TORONTO, August 11, 2022 – The Ontario government is introducing legislative changes yesterday that would, if passed, give the mayors of Toronto and Ottawa give the mayors of Toronto and Ottawa the power to veto bylaws that conflict with provincial priorities, including building 1.5 million new homes over the next ten years and the construction and maintenance of infrastructure to help build housing faster.
Ontario is doing this through proposed changes to the Municipal Act, the City of Toronto Act and other Acts to support its municipal partners, who play a crucial role in determining local policy and processes that impact housing supply.
Toronto Mayor John Tory, who is determined to get more housing built in Toronto, released a statement yesterday saying he supports the proposal, and he will review the act as quickly as possible, whereas Ottawa Mayor Jim Watson (who is not up for re-election) does not.
“I don’t quite understand how giving me more powers is going to help build more houses,” said Watson.
While Toronto’s Mayor John Tory said: “As Mayor my priorities for Toronto are clear, I am absolutely determined to get more housing built – no matter what system is in place.”
“I always want to make sure city hall is working more efficiently and effectively for Toronto residents and businesses and that we make it as easy as possible to get things done and that’s what I’ll be looking for as I read the proposed legislation,” said Tory in his statement posted on Twitter.
Proposed changes under Ontario’s Strong Mayors, Building Homes Act
Hiring Key Municipal Leaders and Defining Departments
Key municipal staff and departments help advance work on shared municipal-provincial priorities. The proposed changes would give mayors of Toronto and Ottawa the flexibility to appoint their municipality’s Chief Administrative Officer (CAO) themselves or delegate the decision, such as by asking their councils to make this decision. Mayors would also be able to hire certain department heads, excluding statutory positions such as a clerk, treasurer, integrity commissioner, chief of police, chief building official, medical officer of health and others. They would also be able to delegate this power, such as to council or the CAO. When making any changes, the mayor and municipalities would be expected to follow existing collective agreements or contracts.
Getting Committees and Boards in Place
Municipalities and their councils are often supported by committees and local boards. If passed, these changes would allow mayors to create new identified committees and appoint the chairs and vice-chairs of identified committees and local boards. These changes would also allow a mayor to change the make-up of a committee, in order for it to best support a municipality.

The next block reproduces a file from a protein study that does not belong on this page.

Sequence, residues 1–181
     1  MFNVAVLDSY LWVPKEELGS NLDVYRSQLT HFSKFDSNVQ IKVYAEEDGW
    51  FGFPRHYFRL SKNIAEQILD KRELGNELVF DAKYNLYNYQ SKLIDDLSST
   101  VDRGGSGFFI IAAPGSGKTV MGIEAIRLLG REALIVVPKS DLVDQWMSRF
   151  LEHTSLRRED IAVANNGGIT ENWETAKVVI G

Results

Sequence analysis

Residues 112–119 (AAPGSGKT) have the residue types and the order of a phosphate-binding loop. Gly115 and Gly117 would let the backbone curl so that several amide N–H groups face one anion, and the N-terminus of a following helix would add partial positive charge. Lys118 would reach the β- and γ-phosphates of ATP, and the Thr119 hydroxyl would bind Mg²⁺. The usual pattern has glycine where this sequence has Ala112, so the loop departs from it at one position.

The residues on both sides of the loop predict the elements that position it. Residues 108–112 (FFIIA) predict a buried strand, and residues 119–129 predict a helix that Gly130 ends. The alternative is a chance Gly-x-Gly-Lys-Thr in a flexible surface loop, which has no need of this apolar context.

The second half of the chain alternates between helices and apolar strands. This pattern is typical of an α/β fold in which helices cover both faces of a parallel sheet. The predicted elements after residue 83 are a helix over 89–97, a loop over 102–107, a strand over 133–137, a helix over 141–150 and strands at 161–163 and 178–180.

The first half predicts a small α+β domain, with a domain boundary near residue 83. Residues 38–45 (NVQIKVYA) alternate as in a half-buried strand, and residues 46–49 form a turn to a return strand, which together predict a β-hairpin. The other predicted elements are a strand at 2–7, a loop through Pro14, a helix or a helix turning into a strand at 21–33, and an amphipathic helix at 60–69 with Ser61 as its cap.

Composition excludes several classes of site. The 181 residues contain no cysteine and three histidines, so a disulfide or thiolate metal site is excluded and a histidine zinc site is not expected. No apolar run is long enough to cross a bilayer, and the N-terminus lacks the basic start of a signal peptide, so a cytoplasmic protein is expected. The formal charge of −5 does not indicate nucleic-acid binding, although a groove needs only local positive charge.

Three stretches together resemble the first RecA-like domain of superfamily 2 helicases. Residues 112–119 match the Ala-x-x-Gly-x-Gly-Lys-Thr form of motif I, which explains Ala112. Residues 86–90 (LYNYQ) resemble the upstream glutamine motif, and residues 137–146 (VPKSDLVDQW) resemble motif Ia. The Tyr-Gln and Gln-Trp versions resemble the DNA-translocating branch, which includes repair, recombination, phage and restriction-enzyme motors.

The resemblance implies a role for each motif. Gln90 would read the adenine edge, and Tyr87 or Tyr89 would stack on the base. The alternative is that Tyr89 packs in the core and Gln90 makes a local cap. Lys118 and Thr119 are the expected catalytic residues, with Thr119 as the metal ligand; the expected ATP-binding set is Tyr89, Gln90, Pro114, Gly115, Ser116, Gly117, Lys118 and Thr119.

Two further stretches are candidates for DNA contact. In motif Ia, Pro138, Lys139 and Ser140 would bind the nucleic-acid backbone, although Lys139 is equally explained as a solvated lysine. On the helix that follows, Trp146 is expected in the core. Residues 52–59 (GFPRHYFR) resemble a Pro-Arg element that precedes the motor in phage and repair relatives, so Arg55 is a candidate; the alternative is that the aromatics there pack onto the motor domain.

Bringing Forward Provincial Priority Matters for Council Consideration
Provincial priorities, such as building more housing, need to be achieved in partnership with municipalities. The proposed changes would empower mayors to direct items to council that could potentially advance a provincial priority. This proposal would also empower a mayor to direct staff to develop proposals to be brought forward for council consideration.
Directing the City Budget
Municipal budgets help define priorities for their communities when they deliver services and prioritize projects each year. If passed, this legislation would make a mayor responsible for proposing the municipal budget for council consideration. As part of the budget process, council would be able to make changes to the mayor’s proposed budget, which the mayor could then veto. Council could override a mayoral veto with a two-thirds majority vote. The result at the end of the process would become the municipality’s budget for the year.
Powers to Veto By-laws and Council Override
These proposed changes would give a mayor power to veto council’s passing of a by-law if all or part of the by-law could potentially interfere with a provincial priority. To ensure there is no abuse of power, if passed, council could override a mayoral veto of by-laws related to provincial priorities, with a two-thirds majority vote. The mayor would remain as a member of council for council decision-making with one vote.
Filling a Vacant Mayoral Seat
There are times when a mayor’s seat may become vacant before a regular election. If passed, these changes would require a municipality to fill the mayor’s seat through a by-election. The existing rules for how by-elections are run would still apply. For example, a municipality is not required to fill the position if a mayor’s seat becomes vacant within 90 days before voting day in the year of a regular election. If a mayor’s seat becomes vacant after March 31 in the year of a regular municipal election, the municipality would be required to appoint a mayor, who would not have these new powers. This would not impact the flexibility that these municipalities currently have in deciding how to fill other vacant council seats – they would have the choice to appoint someone or have a by-election.
Defining Provincial Priorities
If passed, the government plans on making accompanying regulations to set out current provincial priorities. These priorities could include building 1.5 million new homes in 10 years to address the housing supply crisis, and the construction and maintenance of infrastructure, such as transit and roads, to support new and existing residential development.